Looking again at the right-hand table, currently all 3 variables have warning/error icons next to them. These problem icons function the same as the colored wire networks in diagrams, with red indicating an error and yellow indicating a warning. In this case, °C has an error because the variable is consumed but not produced; Sensor Broken has a warning because it is produced but not consumed; and °F has a warning because none of the logic is connected to an input or output of the stitch. To correct these problems, you’ll need to tell CertSAFE which variables should be exported from the stitch. Just as with exported variables in diagrams, an exported variable of a stitch acts as an input or output of the stitch that can be connected to external logic.

Looking over the requirements, °C looks to be an input to the system, as it is read in by the sensor hardware directly. Sensor Broken looks to be an output of the system. As these values are either going out of the system, or coming into the system from an outside source, they should be declared as Exported. To explicitly declare a group of stitch variables as Exported, select the variables, then go to the Properties view and set their Visibility property to Exported. When you are finished, the problems should go away, since °C is now a subsystem input that doesn’t need to be produced within the stitch, Sensor Broken is a subsystem output that can be used outside the stitch, and the warning on °F will also go away, since the logic is now connected to I/Os of the stitch. At this point, your stitch should look like this:


Save the stitch into your project as Process Sensor Data.

Simulating the system

Once you have saved the stitch, you can simulate the system to check that it matches the requirements. Before simulating the system, it is a good idea to try to come up with a test design that is likely to show if there are any logic issues with the system.

Looking at the requirements, you know Sensor Broken is supposed to be true when °F is less than -150 or greater than 150. So one test that would easily check a lot of cases would be to start with a °C value of -135 and ramp it up to a value of 100. This would correspond to a °F value of -212 and 212, respectively.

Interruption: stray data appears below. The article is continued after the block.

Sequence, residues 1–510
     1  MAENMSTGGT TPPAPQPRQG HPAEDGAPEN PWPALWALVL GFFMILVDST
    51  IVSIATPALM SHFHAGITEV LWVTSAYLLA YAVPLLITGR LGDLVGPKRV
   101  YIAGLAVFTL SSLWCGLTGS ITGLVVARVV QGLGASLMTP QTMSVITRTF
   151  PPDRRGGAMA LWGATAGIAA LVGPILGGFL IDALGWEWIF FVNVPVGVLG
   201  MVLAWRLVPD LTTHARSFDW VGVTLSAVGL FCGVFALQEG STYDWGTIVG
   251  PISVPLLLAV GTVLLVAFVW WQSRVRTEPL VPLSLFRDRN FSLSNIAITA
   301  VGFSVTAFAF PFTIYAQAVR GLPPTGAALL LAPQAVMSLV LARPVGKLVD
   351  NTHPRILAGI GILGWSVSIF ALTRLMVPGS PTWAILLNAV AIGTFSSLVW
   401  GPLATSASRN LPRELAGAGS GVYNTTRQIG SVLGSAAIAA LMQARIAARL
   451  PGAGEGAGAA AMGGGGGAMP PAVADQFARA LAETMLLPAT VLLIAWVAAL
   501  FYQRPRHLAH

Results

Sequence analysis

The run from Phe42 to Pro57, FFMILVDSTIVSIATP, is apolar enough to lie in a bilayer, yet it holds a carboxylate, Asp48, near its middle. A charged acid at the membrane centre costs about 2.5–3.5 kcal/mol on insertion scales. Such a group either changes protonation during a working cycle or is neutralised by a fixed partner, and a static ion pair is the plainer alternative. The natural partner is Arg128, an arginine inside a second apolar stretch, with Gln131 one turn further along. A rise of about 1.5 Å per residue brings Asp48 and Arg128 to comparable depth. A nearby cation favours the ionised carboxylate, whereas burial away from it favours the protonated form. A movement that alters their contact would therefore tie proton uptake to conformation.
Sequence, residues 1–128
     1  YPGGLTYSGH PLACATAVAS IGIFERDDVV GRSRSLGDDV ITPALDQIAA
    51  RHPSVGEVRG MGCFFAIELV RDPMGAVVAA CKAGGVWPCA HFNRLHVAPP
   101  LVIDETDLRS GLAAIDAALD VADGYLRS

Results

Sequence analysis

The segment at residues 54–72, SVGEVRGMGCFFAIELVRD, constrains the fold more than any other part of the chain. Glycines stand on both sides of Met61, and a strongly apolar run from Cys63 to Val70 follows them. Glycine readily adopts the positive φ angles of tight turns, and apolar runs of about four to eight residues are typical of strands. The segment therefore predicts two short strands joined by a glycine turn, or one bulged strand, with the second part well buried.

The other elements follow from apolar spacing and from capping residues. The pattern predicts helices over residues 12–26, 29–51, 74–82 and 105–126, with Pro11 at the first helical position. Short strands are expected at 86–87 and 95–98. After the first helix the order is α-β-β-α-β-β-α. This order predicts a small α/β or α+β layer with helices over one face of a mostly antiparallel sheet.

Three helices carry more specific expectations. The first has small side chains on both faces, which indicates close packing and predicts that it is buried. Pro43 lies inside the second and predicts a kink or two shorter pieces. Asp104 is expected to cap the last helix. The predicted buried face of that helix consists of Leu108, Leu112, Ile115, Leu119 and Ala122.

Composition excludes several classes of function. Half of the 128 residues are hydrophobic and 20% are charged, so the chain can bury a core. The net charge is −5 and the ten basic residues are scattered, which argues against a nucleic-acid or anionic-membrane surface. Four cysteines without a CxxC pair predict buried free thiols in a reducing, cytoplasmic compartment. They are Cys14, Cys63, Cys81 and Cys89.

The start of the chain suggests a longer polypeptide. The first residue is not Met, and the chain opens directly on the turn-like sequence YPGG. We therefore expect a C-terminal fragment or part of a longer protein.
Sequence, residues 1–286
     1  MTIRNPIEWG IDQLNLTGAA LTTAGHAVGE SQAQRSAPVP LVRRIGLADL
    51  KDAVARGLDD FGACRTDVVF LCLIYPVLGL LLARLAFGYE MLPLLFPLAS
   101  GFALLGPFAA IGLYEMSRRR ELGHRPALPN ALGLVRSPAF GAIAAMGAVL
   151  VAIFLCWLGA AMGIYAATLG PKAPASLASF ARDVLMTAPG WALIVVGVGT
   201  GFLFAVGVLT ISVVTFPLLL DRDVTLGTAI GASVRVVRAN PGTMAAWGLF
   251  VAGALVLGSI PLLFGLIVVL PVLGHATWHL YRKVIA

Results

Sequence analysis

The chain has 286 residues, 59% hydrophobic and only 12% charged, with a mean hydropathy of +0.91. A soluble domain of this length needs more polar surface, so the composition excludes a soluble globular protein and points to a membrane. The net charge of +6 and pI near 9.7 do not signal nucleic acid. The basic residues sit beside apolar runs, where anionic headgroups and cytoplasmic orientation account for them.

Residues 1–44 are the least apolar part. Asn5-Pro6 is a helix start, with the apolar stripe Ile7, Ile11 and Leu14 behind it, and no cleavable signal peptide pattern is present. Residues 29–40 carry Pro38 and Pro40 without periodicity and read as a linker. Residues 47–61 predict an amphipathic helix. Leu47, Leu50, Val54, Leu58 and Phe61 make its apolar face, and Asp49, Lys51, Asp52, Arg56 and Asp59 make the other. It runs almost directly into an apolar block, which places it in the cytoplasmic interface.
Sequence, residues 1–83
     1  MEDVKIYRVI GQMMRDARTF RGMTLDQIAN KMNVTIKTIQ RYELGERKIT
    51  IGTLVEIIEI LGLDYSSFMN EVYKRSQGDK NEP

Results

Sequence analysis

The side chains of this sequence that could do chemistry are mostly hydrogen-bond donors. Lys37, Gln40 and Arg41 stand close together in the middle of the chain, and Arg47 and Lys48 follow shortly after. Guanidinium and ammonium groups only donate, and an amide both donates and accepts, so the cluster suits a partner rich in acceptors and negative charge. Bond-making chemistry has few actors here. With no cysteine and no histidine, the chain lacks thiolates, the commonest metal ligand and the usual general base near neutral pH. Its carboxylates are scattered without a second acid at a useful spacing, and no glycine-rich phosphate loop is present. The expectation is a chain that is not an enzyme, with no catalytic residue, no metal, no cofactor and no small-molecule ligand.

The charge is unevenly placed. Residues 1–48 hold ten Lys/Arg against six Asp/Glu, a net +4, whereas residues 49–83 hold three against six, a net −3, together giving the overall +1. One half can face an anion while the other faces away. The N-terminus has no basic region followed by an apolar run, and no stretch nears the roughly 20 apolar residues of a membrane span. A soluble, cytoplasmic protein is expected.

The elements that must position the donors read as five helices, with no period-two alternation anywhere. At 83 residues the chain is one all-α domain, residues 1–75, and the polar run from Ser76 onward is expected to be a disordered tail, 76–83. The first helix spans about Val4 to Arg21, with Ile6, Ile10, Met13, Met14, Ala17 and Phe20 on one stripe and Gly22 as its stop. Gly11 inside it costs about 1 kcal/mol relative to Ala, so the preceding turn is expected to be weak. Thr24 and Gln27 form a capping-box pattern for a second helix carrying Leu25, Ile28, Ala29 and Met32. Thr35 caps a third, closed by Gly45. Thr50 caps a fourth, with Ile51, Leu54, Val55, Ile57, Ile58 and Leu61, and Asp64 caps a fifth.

Before you can create a simulation for the entire system, you’ll have to specify the root that you are simulating. A root tells CertSAFE what the top-most composite unit in the system you are simulating is. CertSAFE then determines what logic needs to be simulated based upon what is referenced by the root, any of its child units, any of its child units’ child units, etc.

Since you just created the Process Sensor Data stitch linking the diagrams for requirements #3 and #4 together, you’ll want to set this stitch as root, allowing both diagrams to be simulated in tandem. Once you have set the root, create a new simulation. (If you have another simulation open when creating a new simulation, and you have the option Root Follows Simulation Editor Focus turned on, then the new simulation will have the same root as the currently opened simulation. To change the root in an already created simulation, either drag the diagram or stitch you would wish to be the root into the simulation, or change the root as specified in the simulation’s properties through the property window. For more information about the Root Follows Simulation Editor Focus option, see the Fast Options Bar documentation.)

Opening up the Instance view, you’ll see the stitch listed as your root, and underneath it will be listed the child units of the stitch and the stitch’s variables.


Select the three stitch variables (Sensor Broken, °C, and °F) and drag them into your simulation. Set each waveform’s Vertical scale and Vertical offset properties to values you find visually pleasing. A waveform’s offset determines where the waveform’s baseline is positioned vertically compared to other waveforms’ baselines. Waveforms with offsets that are numerically close will be placed near each other. A waveform’s scale is a multiplier that determines how much vertical screen space a difference of 1 unit in the value of the variable corresponds to. A waveform scale of 0 will give you a flat line with no vertical variation. A negative scale value will invert the display of the waveform vertically. Waveform scales and offsets have units of pixels, and can be fractional numbers. Waveform scales and offsets do not affect the simulation in any way—they are just there to make organizing and displaying the information in a simulation easier.

Since you want to see what happens when °C starts at -135 and ramps up to 100, put two IntelliPoints on the °C waveform, one at time 0 and one at the last time value. Set the value of the last IntelliPoint to 100. Set the value of the first IntelliPoint to -135, and set its Interpolation base property to linear. Setting the interpolation to linear on the first IntelliPoint makes the value of °C change smoothly from one value to the other. You should see the waveforms for Sensor Broken and °F update to show the new simulated results as you edit the values of the °C input. When finished, your simulation should look similar to this:


To verify that the system does detail the proper logic, simply make sure that all places Sensor Broken is true corresponds to a °F value less than -150 or to a °F value larger than 150, and that all other places Sensor Broken is false. Since °F is a straight line, this can be simplified by looking at the points that Sensor Broken transitions.

This concludes the second quick start tutorial. The third quick start tutorial will show how to finish modeling this set of requirements, including how to reuse logic between redundant subsystems.